Note: One difference between pre-1.10 Django and later versions: in the older style MIDDLEWARE_CLASSES, every middleware will always have its process_response method called, even if an earlier middleware short-circuited the process. In the new MIDDLEWARES style, only that middleware and the ones which executed before it will have their process_response methods called. Consult the documentation for more details on the differences between MIDDLEWARES and MIDDLEWARE_CLASSES.

All Done!

Finally, Django’s WSGI Handler builds a return value from the HttpResponseobject and executes the callback function to send that data to the web server and out to the user.

So, two key takeaways:

  1. Now we know how the view function is matched to a URLconf and what actually calls it (the WSGI Handler).
  2. There are four key points you can hook into the request/response cycle through your own custom middleware: process_request’, process_responseprocess_view, and process_exception. Think of an onion: request middlewares are executed from the outside-in, hit the view at the center, and return through response middlewares back to the surface.

Originally published by Sarthak Kumar at https://medium.com

Learn More

☞ Python and Django Full Stack Web Developer Bootcamp

☞ Django 2 & Python | The Ultimate Web Development Bootcamp

☞ The Ultimate Beginner’s Guide to Django 1.11

☞ Django Core | A Reference Guide to Core Django Concepts


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Django: Request/Response Cycle
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Django admin full Customization step by step

Welcome to my blog , hey everyone in this article you learn how to customize the Django app and view in the article you will know how to register  and unregister  models from the admin view how to add filtering how to add a custom input field, and a button that triggers an action on all objects and even how to change the look of your app and page using the Django suit package let’s get started.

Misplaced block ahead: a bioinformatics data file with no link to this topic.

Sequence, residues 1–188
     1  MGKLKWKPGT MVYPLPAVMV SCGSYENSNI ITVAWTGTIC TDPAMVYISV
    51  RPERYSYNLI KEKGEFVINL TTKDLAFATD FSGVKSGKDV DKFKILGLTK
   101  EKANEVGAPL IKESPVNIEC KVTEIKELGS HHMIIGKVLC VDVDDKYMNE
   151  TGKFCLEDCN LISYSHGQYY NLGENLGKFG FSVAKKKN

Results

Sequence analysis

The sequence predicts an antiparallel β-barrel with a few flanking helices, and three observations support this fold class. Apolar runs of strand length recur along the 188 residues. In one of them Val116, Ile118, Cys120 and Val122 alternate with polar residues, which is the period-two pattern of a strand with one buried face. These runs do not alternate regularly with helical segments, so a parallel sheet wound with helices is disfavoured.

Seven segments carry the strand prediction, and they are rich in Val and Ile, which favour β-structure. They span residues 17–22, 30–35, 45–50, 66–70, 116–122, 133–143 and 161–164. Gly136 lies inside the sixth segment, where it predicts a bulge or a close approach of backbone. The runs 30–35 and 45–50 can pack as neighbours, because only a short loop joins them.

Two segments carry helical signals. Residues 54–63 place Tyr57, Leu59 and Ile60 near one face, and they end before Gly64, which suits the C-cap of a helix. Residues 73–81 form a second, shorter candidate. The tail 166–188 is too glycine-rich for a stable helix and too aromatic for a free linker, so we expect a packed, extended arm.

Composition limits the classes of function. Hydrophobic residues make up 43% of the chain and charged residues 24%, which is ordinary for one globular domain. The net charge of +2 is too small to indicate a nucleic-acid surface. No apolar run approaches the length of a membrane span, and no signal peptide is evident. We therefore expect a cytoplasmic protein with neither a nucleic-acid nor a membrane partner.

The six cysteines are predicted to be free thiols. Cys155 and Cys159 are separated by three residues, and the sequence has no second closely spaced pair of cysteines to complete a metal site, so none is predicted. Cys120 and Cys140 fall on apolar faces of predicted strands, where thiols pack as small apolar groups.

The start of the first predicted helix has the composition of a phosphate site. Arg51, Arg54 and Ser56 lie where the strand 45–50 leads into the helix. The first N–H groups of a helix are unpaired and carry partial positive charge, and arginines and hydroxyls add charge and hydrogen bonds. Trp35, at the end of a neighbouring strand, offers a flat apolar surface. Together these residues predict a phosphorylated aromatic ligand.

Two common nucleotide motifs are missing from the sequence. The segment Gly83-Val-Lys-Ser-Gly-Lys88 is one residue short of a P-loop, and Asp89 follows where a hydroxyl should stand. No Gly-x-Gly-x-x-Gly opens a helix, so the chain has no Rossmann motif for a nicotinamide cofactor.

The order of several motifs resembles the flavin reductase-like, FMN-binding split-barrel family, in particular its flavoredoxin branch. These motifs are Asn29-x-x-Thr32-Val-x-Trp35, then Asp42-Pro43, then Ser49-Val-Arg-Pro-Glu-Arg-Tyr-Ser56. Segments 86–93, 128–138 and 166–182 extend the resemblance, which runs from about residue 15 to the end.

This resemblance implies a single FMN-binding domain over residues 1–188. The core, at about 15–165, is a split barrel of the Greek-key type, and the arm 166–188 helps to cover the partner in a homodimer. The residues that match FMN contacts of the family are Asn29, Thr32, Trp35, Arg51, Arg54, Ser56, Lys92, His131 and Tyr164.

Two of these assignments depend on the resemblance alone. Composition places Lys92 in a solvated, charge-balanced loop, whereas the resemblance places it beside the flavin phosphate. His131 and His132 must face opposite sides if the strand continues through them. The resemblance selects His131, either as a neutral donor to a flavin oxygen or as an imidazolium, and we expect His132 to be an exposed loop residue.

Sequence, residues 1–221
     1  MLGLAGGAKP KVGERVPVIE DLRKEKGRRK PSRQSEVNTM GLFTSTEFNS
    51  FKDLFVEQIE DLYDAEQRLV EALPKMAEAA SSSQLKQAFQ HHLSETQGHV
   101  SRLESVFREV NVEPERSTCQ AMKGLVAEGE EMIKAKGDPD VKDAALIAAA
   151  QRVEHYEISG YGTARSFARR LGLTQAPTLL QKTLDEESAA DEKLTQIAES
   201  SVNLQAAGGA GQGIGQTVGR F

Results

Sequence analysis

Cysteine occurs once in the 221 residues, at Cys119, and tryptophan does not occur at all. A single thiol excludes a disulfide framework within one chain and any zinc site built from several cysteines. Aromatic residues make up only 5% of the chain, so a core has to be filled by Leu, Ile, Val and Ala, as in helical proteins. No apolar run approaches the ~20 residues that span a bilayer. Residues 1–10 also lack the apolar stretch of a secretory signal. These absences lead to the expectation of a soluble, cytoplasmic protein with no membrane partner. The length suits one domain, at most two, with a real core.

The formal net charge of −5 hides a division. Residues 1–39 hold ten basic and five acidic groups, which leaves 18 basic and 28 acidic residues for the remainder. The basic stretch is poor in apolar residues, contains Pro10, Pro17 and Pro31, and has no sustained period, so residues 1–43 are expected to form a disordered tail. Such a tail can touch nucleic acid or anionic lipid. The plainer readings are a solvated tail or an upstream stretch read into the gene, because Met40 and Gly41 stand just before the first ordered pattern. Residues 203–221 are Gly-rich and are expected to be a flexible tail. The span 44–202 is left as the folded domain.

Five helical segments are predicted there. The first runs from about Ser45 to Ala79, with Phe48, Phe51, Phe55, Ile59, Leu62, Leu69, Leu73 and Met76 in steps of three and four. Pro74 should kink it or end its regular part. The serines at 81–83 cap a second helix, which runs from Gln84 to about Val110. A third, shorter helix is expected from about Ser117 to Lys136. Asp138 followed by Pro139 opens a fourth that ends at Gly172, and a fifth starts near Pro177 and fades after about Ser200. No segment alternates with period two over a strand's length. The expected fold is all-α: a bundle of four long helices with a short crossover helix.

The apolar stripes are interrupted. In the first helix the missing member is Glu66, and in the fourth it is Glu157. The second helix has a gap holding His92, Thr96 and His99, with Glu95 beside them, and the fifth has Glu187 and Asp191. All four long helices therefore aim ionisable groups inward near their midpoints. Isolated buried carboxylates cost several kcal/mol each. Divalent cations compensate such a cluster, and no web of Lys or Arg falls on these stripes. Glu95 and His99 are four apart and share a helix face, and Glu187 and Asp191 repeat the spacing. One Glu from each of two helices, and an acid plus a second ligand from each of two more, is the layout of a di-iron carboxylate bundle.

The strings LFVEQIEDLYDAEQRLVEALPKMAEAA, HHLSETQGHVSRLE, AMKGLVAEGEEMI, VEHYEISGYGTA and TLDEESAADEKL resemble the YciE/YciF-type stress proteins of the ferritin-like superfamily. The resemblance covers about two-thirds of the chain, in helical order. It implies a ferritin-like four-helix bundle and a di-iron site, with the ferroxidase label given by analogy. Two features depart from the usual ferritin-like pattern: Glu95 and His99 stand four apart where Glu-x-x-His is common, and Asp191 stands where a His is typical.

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How model queries work in Django

How model queries work in Django

Welcome to my blog, hey everyone in this article we are going to be working with queries in Django so for any web app that you build your going to want to write a query so you can retrieve information from your database so in this article I’ll be showing you all the different ways that you can write queries and it should cover about 90% of the cases that you’ll have when you’re writing your code the other 10% depend on your specific use case you may have to get more complicated but for the most part what I cover in this article should be able to help you so let’s start with the model that I have I’ve already created it.

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let’s just get into this diagram that I made so in here:

django queries aboutDescribe each parameter in Django querset

we’re making a simple query for the myModel table so we want to pull out all the information in the database so we have this variable which is gonna hold a return value and we have our myModel models so this is simply the myModel model name so whatever you named your model just make sure you specify that and we’re gonna access the objects attribute once we get that object’s attribute we can simply use the all method and this will return all the information in the database so we’re gonna start with all and then we will go into getting single items filtering that data and go to our command prompt.